August 11, 2009
Today I was asked to helped Victoria Burdett-Coutts. As mentioned earlier on, Victoria is a visiting scientist in the Wahle lab. She has been here for a couple of weeks trying to finish up collecting data so she can get a journal article written on her work. She is leaving tomorrow to return to Nova Scotia so time was of the essence for her today. She had but one more experiment that she wanted to run before she left.
Victoria is looking at the different factors that contribute to lobster larvae settlement. It is already well known that lobsters before to settle on rocky, cobble bottoms where they have places to hide and protect themselves. It is also well known that this is not the only factor that determines settlement. Victoria is trying to find out what else the lobsters prefer when deciding to settle. One idea she has is they the larva may prefer to settle in areas where there are already settled lobsters. The larva may have a way to detect and respond to the presence of other lobsters.
The experiment that Victoria and I ran today was designed in order to help answer Victoria's question as to whether lobsters prefer to settle in areas where other lobsters are already present. Her set-up consisted of 12 Tupperware containers that were filled with natural seawater. Six of the containers contained rocks in order to mimic the cobble bottom of the ocean. Three of the six lobsters containers held juvenile lobsters. The other six containers had sand on the bottom in order to mimic a sandy bottom ocean. Three of these containers also held juvenile lobsters.
The experiment began when we added one stage 4 lobster larva to the Tupperware container one at a time. After the larva was added, one of us watched and recorded it before for 10 minutes. We then checked their behavior again at 20 and 30 minutes. We recorded how much time the lobster larva spent swimming, on the bottom, or diving. The test was run in the dark because the natural environment they live in amongst the rocks is typically dark. In order to observe each lobster container Victoria and I observed them using headlamps with red lights in order to disturb them as little as possible while the experiments were run. Victoria will use the data gathered during our experiment by looking to she how much time each lobster spent doing the previously described behaviors. If the lobster spent most of its time on the bottom, this would indicate that it prefers to settle in that habitat. We ran 24 trials for this experiment. It took up from about 10 a.m. until 6 p.m. to set-up and clean up the entire experiment. Now, all Victoria has to do it analyze the data to see if there are any trends present.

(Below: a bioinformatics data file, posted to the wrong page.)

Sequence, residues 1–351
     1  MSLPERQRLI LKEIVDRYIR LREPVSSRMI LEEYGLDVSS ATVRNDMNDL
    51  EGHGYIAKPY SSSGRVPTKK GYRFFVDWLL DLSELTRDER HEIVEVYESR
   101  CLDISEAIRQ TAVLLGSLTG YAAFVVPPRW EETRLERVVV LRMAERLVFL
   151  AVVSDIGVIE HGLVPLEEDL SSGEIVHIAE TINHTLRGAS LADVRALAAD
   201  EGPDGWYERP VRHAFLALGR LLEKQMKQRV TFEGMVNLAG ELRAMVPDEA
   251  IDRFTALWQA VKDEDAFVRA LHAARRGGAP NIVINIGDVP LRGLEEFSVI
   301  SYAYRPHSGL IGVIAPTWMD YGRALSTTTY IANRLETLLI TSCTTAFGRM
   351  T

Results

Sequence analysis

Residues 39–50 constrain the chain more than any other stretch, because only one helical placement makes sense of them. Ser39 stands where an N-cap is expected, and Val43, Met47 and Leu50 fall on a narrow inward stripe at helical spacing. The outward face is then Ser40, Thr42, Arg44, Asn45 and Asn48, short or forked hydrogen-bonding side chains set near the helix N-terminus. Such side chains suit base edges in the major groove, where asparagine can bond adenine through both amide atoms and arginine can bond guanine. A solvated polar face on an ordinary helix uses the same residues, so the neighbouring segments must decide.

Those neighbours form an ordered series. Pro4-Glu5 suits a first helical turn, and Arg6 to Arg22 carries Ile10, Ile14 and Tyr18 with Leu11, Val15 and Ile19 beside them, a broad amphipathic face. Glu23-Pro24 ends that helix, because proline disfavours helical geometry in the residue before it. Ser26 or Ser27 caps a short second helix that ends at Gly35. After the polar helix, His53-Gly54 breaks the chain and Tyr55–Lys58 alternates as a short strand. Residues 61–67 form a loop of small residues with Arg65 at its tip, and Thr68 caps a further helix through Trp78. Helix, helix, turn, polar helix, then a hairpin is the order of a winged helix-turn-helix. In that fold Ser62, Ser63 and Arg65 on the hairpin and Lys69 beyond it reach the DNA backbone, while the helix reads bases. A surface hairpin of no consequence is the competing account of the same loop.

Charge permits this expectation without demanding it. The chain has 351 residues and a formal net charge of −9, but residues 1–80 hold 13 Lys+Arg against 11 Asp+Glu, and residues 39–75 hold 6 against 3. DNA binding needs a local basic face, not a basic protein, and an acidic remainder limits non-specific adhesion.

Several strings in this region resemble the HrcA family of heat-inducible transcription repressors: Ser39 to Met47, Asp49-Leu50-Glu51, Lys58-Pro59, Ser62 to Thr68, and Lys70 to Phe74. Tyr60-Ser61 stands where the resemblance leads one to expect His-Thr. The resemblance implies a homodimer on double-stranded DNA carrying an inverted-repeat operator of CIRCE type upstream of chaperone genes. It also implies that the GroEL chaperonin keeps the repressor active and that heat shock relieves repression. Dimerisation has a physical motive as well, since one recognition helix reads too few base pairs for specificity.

Victoria had to finish this last experiment today because she is leaving to go back to Nova Scotia tomorrow. She is a dive instructor there and she must be back home to teach her dive classes. Victoria is also employed as a teaching assistant at Dalhousie University in Halifax, Nova Scotia. I asked her what her most exciting or memorable experience was during her career in the field of marine biology. Victoria could not decide on just one! She enjoys being a liaison between the scientific community and the public. Specifically, she had a chance to do this when she was a naturalist for an adventure cruise that ran from Greenland to Labrador. She enjoyed getting people excited about ocean invertebrates and echinoderms that they might not normally notice because they are not as well known as the dolphins and whales. It is very important to her that she spread a love for the ocean and its inhabitants. She also enjoyed a job she had in Newfoundland where she got to raise her own baby lobsters. This job just increased Victoria's desire to learn more about the lobster species.
I wanted to share one interesting fact that I learned today. I asked how to determine the different between the different stages within a lobster life cycle. Since we were working with stage 4 lobsters today, I was shown how to distinguish whether a lobster larva was in the stage. During stage 4, the lobster larva no longer resembles the look of a typical larva as they do in stage three. The lobster looks like a miniature lobster during this stage. Stage 4 lobsters typically have a carapace length ranging from 4 to 5 mm in length. The carapace is a section of the lobster exoskeleton that is easily located by observing the backside of the lobster. It begins at the eye sockets and runs to the tall.